Article about Fire Communications breakdowns

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W1KNE
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Article about Fire Communications breakdowns

#1 Post by W1KNE » 30 Nov 2019 18:53

https://www.wcvb.com/article/communicat ... n/29896430
Lawrence firefighters know their safety depends on being able to communicate. Now there's a new tool to help them do so, a van packed with communications equipment that can let fire departments from all over talk to each other during an emergency.
Mike Fitzpatrick
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Owner: Scan New England - NECRAT.US
Issues with Scan New England can be privately addressed to me. W1KNE at scan-ne.com.

Firefox10
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Re: Article about Fire Communications breakdowns

#2 Post by Firefox10 » 30 Nov 2019 22:35

Nice article. The "new" command unit which Mr. Foote is demonstrating can link all fire depts together. Now, in a situation as the gas explosions and fires and the subsequent evacuation of half the city was under the relm of the police. Lawrence PD jumped in. All cities, towns, and MSP have to report to a command post to get assignments, or use cell phones. Reason being, LPD is encrypted no one including fire (except for dispatch) could talk with LPD. All responding cities were in a fog.

Interoperability? Lawrence PD has 2 repeater channels. Both encrypted. No offense but more than likely the city that calls for most mutual PD aid in state. And they are in chaos when hitting Lawrence. "report to their station for assignments. Their telephone number if 978 794 5900. use your cell phones"

Who was in charge of this fiasco and maybe channel 5 wants a part 2???

......For everyones safety....

dogmandew
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Re: Article about Fire Communications breakdowns

#3 Post by dogmandew » 01 Dec 2019 00:00

That article and the NTSB report it's based off of are so off base it isn't even funny. The only thing that worked well at that event WAS the communications! From the very beginning there were a whole host of communications support on hand. The real failure was in the leadership and the absolute lack of the use of ICS. These reports are just trying to push the failure somewhere else so the spotlight goes away from the real problem. Seriously, submit an information request to the agencies involved for their IAP's from the emergency, you won't get any back because there wasn't any made.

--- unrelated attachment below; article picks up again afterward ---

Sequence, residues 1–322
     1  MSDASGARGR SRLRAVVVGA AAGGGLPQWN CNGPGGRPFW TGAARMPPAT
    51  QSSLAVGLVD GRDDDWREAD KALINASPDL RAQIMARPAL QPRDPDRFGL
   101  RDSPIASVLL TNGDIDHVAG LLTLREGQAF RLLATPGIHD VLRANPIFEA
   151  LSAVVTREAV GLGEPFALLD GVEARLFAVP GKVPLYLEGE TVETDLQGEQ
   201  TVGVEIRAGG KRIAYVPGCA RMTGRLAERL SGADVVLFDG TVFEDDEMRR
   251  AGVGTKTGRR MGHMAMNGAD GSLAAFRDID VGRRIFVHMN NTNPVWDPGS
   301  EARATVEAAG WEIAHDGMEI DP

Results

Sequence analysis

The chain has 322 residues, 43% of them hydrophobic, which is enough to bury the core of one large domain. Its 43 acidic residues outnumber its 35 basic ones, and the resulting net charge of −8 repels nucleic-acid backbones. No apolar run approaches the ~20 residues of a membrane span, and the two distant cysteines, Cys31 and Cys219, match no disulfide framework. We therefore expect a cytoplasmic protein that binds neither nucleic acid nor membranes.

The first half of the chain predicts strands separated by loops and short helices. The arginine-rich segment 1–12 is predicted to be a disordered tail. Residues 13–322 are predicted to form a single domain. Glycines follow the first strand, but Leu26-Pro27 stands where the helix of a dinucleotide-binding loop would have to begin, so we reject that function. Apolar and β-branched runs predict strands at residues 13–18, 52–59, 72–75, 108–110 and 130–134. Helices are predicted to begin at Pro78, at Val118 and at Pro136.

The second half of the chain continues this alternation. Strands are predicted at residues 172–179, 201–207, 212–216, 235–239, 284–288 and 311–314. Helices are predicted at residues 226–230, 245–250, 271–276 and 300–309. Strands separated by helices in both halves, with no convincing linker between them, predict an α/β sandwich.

On the police side BAPERN was pushed into use as soon as mutual aid agencies were involved. Multiple channels were in use throughout the event and the coordination with the State Police was seamless on a comms level. Cache radios were deployed when agencies from outside the BAPERN were brought in and didn't have the programming needed. Encryption wasn't an impediment here, keys were shared where they needed to be for command and coordination an operations were on regional resources in the clear like they should be.

Same thing on the fire side. V/U/8 Tacs were stood up and ready to be used. But like the police side there's only so much that can be done when departments and their radio shops don't follow the recommended programming templates let alone train on anything. The crap about too much radio traffic is a training and control issue, not a capacity of the available systems issue.

And this "new" command unit that would magically have solved these issues? That's a big crock too. There were no less than 10 difference command posts on scene, most with FAR more capabilities than the hand me down truck that they're talking about. It's a great resource to have, and I know a lot of people are happy to see the old truck being used again but it's FAR from the golden ticket they are trying to make it out to be.

The truth is this was a lack of team work on the COMMAND level, not the communications level. Put the blame where it belongs, not on the guys who actually made things work. When you have stubborn agencies who won't move forward because of "tradition" this is what happens. The bottom line is chiefs and politicians who all need to be seen as involved and in control and can't put their egos aside and work together are the problem.